This will immediately implement the policy outlined in your files. You can verify this by listing the
iptables rules currently in use:
sudo iptables -S sudo ip6tables -S
These firewall rules will be re-applied at each boot. Test to make sure that you can still log in and that all other access is blocked off.
An Explanation of Our General Firewall Strategy
In the basic firewall we’ve constructed with the above rules, we’ve created an extensible framework that can be easily adjusted to add or remove rules. For IPv4 traffic, we’re mainly concerned with the
INPUT chain within the
filter table. This chain will process all packets destined for our server. We’ve also allowed all outgoing traffic and denied all packet forwarding, which would only be appropriate if this server were acting as a router for other hosts. We accept packets in all of the other tables since we are only looking to filter packets in this guide.
In general, our rules set up a firewall that will deny incoming traffic by default. We then go about creating exceptions for the services and traffic types we wish to exclude from this policy.
In the main
INPUT chain, we’ve added some generic rules for traffic that we are confident will always be handled the same way. For instance, we always want to deny packets that are deemed « invalid » and we will always want to allow traffic on the local loopback interface and data associated with an established connection.
Afterwards, we match traffic based on the protocol it is using and shuffle it to a protocol-specific chain. These protocol-specific chains are meant to hold rules that match and allow traffic for specific services. In this example, the only service we allow is SSH in our
TCP chain. If we were offering another service, like an HTTP(S) server, we could add exceptions that here as well. These chains will be the focus of most of your customization.
Any traffic that does not match the generic rules or the service rules in the protocol-specific are handled by the last few rules in the
INPUT chain. We have set the default policy to
DROP for our firewall, which will deny packets that fall through our rules. However, the rules at the end of the
INPUT chain reject packets and send a message to the client that mimics how the server would respond if there were no service running on that port.
For IPv6 traffic, we simply drop all traffic. Our server is not using this protocol, so it is safest to not engage with the traffic at all.
(Optional) Update Nameservers
Blocking all IPv6 traffic can interfere with how your server resolves things on the Internet. For example, this can affect how you use APT.
If you get errors like this when you try to run
Err http://security.ubuntu.com trusty-security InRelease Err http://security.ubuntu.com trusty-security Release.gpg Could not resolve 'security.ubuntu.com' . . .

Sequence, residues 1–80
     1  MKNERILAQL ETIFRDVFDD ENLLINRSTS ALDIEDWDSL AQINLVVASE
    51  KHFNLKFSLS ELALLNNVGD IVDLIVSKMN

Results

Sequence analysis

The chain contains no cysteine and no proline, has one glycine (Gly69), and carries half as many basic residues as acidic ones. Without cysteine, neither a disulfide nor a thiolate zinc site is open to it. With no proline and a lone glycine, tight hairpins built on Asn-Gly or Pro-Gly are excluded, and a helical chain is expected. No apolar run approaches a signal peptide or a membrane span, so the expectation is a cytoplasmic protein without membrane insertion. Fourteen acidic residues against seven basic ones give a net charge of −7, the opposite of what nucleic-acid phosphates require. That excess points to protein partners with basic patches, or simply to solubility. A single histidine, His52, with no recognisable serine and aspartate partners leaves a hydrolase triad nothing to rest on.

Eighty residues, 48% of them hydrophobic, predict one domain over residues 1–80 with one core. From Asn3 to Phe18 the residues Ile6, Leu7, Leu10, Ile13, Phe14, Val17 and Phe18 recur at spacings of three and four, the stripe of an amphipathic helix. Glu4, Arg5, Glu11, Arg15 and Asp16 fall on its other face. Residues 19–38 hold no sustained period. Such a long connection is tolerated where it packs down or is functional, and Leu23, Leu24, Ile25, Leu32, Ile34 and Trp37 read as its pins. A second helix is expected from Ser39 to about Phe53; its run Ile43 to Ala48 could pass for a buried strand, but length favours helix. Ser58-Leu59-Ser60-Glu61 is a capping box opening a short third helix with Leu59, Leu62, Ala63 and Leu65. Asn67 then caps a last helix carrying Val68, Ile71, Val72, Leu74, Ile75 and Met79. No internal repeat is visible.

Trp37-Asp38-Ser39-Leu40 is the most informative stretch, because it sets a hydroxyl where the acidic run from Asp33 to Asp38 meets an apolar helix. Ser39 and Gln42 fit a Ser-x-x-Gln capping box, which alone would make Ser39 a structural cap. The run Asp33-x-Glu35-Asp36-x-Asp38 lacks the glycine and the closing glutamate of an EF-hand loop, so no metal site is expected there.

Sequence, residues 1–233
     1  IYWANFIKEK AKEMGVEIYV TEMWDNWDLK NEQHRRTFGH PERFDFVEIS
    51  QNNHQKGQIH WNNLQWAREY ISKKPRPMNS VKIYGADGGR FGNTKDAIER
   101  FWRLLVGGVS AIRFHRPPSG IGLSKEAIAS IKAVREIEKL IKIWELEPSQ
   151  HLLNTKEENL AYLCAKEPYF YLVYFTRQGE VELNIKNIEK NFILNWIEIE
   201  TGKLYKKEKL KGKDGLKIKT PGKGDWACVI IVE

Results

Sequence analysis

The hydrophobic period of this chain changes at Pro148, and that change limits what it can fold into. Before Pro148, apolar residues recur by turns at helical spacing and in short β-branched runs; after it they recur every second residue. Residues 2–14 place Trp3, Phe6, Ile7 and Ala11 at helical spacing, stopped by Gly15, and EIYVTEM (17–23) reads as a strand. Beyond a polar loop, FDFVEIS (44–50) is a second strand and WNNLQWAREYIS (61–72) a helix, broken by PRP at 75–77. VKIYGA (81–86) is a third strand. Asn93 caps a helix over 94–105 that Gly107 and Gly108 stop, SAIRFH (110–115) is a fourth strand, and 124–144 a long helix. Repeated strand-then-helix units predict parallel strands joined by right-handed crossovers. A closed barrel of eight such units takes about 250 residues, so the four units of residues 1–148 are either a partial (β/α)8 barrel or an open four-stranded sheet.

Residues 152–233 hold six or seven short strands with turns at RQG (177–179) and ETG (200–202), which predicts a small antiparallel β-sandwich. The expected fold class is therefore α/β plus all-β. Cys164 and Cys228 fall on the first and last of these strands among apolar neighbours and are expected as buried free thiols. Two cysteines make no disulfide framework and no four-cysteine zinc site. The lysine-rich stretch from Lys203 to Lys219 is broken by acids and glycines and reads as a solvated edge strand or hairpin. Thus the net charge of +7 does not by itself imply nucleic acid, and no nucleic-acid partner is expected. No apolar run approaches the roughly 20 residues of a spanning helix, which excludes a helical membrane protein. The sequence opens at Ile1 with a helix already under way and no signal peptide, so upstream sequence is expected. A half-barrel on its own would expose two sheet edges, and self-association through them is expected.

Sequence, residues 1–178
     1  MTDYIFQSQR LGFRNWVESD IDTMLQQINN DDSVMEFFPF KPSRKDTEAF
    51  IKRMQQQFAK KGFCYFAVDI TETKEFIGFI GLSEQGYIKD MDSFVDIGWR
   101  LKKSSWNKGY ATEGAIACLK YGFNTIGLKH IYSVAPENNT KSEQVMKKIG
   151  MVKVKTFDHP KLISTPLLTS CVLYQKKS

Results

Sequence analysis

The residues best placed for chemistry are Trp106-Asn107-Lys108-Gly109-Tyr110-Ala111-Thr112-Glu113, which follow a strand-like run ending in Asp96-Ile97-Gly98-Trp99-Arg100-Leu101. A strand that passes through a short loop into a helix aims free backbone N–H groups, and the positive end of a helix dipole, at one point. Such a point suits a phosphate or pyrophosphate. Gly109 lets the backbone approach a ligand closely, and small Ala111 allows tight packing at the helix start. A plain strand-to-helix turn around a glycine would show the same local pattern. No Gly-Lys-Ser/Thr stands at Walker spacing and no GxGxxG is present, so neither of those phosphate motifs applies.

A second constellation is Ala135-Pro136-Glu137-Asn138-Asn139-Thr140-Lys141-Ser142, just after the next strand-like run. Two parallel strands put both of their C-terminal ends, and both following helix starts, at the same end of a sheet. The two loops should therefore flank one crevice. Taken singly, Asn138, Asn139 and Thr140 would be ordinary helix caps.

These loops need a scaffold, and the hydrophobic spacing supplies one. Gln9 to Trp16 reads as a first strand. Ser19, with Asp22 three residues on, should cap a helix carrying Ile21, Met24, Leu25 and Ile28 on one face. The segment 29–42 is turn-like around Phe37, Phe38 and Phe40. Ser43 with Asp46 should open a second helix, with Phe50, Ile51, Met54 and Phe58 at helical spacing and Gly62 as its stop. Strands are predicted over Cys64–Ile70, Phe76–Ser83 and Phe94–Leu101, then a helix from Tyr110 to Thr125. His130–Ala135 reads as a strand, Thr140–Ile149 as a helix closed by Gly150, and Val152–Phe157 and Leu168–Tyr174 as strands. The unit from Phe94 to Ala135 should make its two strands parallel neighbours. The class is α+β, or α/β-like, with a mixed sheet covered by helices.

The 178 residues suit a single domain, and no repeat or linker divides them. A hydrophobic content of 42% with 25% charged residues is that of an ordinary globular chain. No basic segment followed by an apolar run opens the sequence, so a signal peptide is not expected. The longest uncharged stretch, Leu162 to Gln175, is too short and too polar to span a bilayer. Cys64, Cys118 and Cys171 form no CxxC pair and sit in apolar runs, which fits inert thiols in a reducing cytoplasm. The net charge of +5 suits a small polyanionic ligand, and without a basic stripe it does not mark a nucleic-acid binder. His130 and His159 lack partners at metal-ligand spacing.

You should follow this section to get APT working again.
First, set your nameservers to outside nameservers. This example uses Google’s nameservers. Open
/etc/network/interfaces for editing:
sudo nano /etc/network/interfaces
dns-nameservers line as shown:
. . . iface eth0 inet6 static address 2604:A880:0800:0010:0000:0000:00B2:0001 netmask 64 gateway 2604:A880:0800:0010:0000:0000:0000:0001 autoconf 0 dns-nameservers 126.96.36.199 188.8.131.52
Refresh your network settings:
sudo ifdown eth0 && sudo ifup eth0
The expected output is:
RTNETLINK answers: No such process Waiting for DAD... Done
Next, create a new firewall rule to force IPv4 when it’s available. Create this new file:
sudo nano /etc/apt/apt.conf.d/99force-ipv4
Add this single line to the file:
Save and close the file. Now you should be able to use APT.
Implementing our Firewalls Using the IPTables Command
Now that you understand the general idea behind the policy we built, we will walk through how you could go about creating those rules using
iptables commands. We will end up with the same rules that we specified above but we will create our policies by adding rules iteratively. Because
iptables applies each of the rules immediately, rule ordering is very important (we leave the rules that deny packets until the end).
Reset your Firewall
We will start by resetting our firewall rules so that we can see how policies can be built from the command line. You can flush all of your rules by typing:
sudo service iptables-persistent flush
You can verify that your rules are reset by typing:
sudo iptables -S
You should see that the rules in the
filter table are gone and that the default policy is set to
ACCEPT on all chains:
-P INPUT ACCEPT -P FORWARD ACCEPT -P OUTPUT ACCEPT
Create Protocol-Specific Chains
We will start by creating all of our protocol-specific chains. These will be used to hold the rules that create exceptions to our deny policy for services we want to expose. We will create one for
UDP traffic, one for
TCP, and one for
sudo iptables -N UDP sudo iptables -N TCP sudo iptables -N ICMP
We can go right ahead and add the exception for SSH traffic. SSH uses TCP, so we will add a rule to accept TCP traffic destined for port 22 to the TCP chain:
sudo iptables -A TCP -p tcp --dport 22 -j ACCEPT
If we wanted to add additional TCP services, we could do that now by repeating the command with the port number replaced.
Create General Purpose Accept and Deny Rules
INPUT chain, where all incoming traffic begins filtering, we need to add our general purpose rules. These are some common sense rules that set the baseline for our firewall by accepting traffic that’s low risk (local traffic and traffic that’s associated with connections we’ve already checked) and dropping traffic that is clearly not useful (invalid packets).